• This book is a review of basic physiology, pathophysiology, clinical symptoms and diagnostic methods with emphasis on electrophysiology in disorders of muscle and neuromuscular junction, including fatigue. (elsevier.com)
  • The evolution of bilateral bundle branch block (BBB) was studied in ten anesthetized dogs by recording electrical activity from the bundle of His (Hb), right (Rb) and left bundles (Lb) for precise localization and characterization of the conduction disorder. (ahajournals.org)
  • Unequal delay in both bundles (unequal 1° bilateral BBB) gave rise to prolonged H-V interval and a QRS pattern of incomplete or complete bundle branch block corresponding to the branch in which the conduction delay was greater. (ahajournals.org)
  • as many as 25-30% of patients with sinus node dysfunction have evidence of AV and bundle branch conduction delay or block. (mhmedical.com)
  • METHODS: For a group of 49 children undergoing assessment for potential Deep Brain Stimulation (DBS) surgery, CMCT was derived from the latency of MEPs invoked by transcranial magnetic stimulation of the contralateral motor cortex and from peripheral conduction times. (foundationdystoniaresearch.org)
  • Exemplary methods for affecting conduction and/or operation of the AV node and/or AV bundle. (google.com)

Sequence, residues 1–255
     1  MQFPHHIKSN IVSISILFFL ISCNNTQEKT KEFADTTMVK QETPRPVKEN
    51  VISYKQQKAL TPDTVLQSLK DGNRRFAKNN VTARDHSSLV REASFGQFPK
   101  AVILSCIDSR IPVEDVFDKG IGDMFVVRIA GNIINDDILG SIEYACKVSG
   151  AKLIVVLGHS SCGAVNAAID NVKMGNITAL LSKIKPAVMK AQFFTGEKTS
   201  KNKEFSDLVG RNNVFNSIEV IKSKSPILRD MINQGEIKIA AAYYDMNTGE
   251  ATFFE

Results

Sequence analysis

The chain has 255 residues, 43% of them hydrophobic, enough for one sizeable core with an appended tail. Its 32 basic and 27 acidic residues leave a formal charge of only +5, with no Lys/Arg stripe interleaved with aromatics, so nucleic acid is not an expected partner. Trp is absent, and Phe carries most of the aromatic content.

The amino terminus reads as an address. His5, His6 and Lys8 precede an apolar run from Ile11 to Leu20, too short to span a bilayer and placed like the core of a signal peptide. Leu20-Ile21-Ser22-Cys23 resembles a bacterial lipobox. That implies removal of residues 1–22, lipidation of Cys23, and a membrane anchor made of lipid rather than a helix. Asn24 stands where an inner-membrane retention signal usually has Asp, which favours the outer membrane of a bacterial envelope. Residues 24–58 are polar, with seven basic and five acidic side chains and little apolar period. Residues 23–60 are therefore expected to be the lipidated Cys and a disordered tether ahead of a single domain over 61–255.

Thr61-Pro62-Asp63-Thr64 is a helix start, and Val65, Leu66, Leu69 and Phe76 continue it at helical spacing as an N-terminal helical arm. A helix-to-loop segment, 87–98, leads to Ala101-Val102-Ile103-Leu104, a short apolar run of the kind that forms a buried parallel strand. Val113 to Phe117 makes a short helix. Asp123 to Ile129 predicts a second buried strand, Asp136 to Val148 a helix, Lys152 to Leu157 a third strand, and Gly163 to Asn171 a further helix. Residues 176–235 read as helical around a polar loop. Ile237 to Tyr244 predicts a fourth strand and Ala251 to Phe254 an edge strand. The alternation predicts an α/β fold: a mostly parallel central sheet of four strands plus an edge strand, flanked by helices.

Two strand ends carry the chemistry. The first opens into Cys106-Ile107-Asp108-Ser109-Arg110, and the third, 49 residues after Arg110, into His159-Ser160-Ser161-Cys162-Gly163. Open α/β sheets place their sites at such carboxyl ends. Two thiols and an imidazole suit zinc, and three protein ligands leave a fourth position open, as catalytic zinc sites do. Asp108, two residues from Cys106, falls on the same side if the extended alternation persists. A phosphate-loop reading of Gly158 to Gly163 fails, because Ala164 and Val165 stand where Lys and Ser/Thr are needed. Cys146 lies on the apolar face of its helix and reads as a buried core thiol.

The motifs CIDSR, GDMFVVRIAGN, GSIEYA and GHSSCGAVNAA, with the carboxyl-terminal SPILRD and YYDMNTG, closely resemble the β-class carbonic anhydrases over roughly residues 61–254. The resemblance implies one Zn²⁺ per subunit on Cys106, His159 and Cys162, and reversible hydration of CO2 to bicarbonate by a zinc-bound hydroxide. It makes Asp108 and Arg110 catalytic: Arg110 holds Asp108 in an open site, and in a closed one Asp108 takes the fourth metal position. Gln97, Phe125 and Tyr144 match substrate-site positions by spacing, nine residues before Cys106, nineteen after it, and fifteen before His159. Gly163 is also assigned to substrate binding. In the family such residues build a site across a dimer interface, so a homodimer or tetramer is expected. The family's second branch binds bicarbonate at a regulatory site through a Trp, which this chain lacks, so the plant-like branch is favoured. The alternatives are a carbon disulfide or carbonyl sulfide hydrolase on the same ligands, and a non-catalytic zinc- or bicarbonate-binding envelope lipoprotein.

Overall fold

• Various exemplary methods include delivery of one or more stimulation pulses to affect conduction and/or operation of an AV node and/or AV bundle. (google.com)
  • Conduction aphasia, also called associative aphasia, is a relatively rare form of aphasia. (wikipedia.org)
  • These authors suggested an exclusive deficit of auditory-verbal short-term memory in repetition conduction aphasia whereas the other variant was assumed to reflect disrupted phonological encoding mechanism, afflicting confrontation tasks such as repetition, reading and naming in a similar manner. (wikipedia.org)
  • Studies have suggested that conduction aphasia is a result of damage specifically to the left superior temporal gyrus and/or the left supra marginal gyrus. (wikipedia.org)
  • The classical explanation for conduction aphasia is that of a disconnection between the brain areas responsible for speech comprehension (Wernicke's area) and speech production (Broca's area), due specifically to damage to the arcuate fasciculus, a deep white matter tract. (wikipedia.org)
  • Conduction aphasia is a relatively mild language impairment, and most patients return to day-to-day life. (wikipedia.org)
  • Symptoms of conduction aphasia, as with other aphasias, can be transient, lasting only several hours or a few days. (wikipedia.org)